“It’s good to see that now everyone can look back and think, well Elz wasn’t actually that weird or it’s not that weird at all having internet friendships. However, it’s frustrating because it doesn’t erase the fact that I always had negative comments when I was younger, and it hurt me then. I’m glad it’s been normalised, but I wish it had been normal years back”. 

“I became clingy and felt like these virtual spaces were the only thing that I had”

From Tumblr to Instagram and Twitter, Elz has maintained some online friendships for around eight years. As a teen, Elz was obsessed with fantasy TV programs and this was a motivator for them to find like-minded individuals. It became an obsession. Many lonely black and brown kids will know all too well how escaping into the virtual world can become addictive. Elz knows this too well. “I was always online, and that affected things like school and at the time, my relationship with my family. I became clingy and felt like these virtual spaces were the only thing that I had. Which was sad that I felt that way at the time.” Nevertheless, having someone to confide in helped shape them.

Like me, Ivan, 23, came across virtual safe spaces accidentally. He grew up in a place where racism and transphobia were thriving and needed some escapism. “When I was 17, I began writing online and that attracted a more diverse audience than I was used to,” he explains. “I slowly became aware of how desperate I really was to expose myself to stories and people with similar experiences to my own, as well as learning about experiences I had no knowledge of at all.” He started being approached and making friends with almost exclusively LGBTQIA+ youth and would receive messages telling him how much his writing had helped them feel less alone. “It worked both ways. Those reading and seeing themselves in it all, too, improved my mental health for years during the process of my own self-discovery.” Ivan’s story shows how art has the potential to bring communities together. If your work is authentic, it will also inevitably speak to people with similar lived experiences or shared interests. 

Online friends, lockdown and turbulent life changes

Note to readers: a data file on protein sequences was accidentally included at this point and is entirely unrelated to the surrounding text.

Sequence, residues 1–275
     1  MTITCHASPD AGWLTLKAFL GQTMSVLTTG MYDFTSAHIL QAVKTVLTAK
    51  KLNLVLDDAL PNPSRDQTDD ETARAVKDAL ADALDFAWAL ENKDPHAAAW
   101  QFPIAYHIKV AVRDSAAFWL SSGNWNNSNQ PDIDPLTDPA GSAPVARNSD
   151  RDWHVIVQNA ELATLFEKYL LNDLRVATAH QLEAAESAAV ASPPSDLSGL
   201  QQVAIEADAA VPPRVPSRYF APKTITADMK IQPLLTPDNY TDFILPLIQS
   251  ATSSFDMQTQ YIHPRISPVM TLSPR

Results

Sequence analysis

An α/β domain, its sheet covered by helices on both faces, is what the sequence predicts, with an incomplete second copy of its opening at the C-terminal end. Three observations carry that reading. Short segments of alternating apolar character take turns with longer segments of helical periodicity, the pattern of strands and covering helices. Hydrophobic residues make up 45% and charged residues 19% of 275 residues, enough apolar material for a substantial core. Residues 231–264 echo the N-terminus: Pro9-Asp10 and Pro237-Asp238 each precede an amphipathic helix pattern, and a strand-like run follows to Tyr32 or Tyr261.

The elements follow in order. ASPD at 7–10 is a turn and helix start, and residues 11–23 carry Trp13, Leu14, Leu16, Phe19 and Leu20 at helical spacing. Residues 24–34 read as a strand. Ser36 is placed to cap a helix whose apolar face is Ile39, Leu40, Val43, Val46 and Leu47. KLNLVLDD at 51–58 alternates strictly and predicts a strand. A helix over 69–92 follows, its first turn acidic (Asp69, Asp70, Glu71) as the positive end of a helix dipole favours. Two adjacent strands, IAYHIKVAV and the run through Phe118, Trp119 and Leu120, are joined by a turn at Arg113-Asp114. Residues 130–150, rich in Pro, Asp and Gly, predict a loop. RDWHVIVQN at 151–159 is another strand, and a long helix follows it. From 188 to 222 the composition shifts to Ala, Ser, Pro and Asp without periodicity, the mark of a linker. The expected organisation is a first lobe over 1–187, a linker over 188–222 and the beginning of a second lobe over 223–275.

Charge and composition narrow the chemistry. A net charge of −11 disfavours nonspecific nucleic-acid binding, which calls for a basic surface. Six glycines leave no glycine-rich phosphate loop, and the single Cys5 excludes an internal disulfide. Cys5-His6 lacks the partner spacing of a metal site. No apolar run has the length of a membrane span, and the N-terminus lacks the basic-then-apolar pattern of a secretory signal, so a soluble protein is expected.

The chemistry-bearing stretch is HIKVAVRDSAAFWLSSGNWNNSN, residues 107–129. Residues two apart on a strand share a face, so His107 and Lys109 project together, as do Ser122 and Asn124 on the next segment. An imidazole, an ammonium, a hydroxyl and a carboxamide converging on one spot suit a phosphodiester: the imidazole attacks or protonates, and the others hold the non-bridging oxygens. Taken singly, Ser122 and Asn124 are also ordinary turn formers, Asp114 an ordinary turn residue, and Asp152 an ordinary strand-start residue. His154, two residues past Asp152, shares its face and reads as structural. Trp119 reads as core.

It’s not just anxious teens that need the camaraderie, over the last year, 22-year-old Fey Kapur’s internet friends have helped them maintain a sense of companionship in new and unfamiliar settings. “Having digital spaces is definitely a nice escape and is a good way to form communities when I’m moving from city to city,” they say. Speaking with Fey it’s clear that queer communities have been innovative in finding new tools to make new friends using “dating and hook-up apps”. In fact, they met one of their best friends on their year abroad in Australia through Grindr. While using dating apps platonically is still unconventional and stigmatised, but due to their success, we have seen more platonically-focused apps made such as Meet Up, We3 and Patook.  

Actually, it seemed that those who were used to web-based friendships were flying in lockdown. Hash, 21, is the artist behind Sofftpunk explains: “We’re already used to showing our love online and not physically. I think with my in-person friends it’s been a bit harder to change our relationship to an online one.” 

“We’re already used to showing our love online and not physically”

Motivated by my own detachment, I started joining Facebook groups for trans and non-binary PoC. I noticed the difference instantly and appreciated how they posted about trans experiences but also held constructive conversations about everything which is affected by white supremacy and capitalism – such as Black Lives Matter, Choose Love and The Climate Emergency. These groups moved beyond the traditional introduction posts and memes. People would share live streams of BLM protests, petitions and there would be much more conversations about intersectional trans experiences. I felt a greater sense of a global trans experience. 

Talking with others has inspired me to think outside of the box when it comes to taking agency over my virtual and physical connections. I have begun searching for resources, such as this one, to find QTIPOC organisations in the UK. I have been inspired to use dating apps platonically, to create and join more groups and to tailor my news feed. Queer House Party has inspired me to think of how I can use the internet to get more involved with activism. Covid-19 has already brought about a load of challenges. Many, myself included, will say that things will never be the same. I hope that one of the small good things to come out of this tragedy is that we will move beyond the idea that social media is objectively an unhealthy addiction (no matter how it is used) and move towards thinking of new ways to use technology to bring about mental wellbeing and community.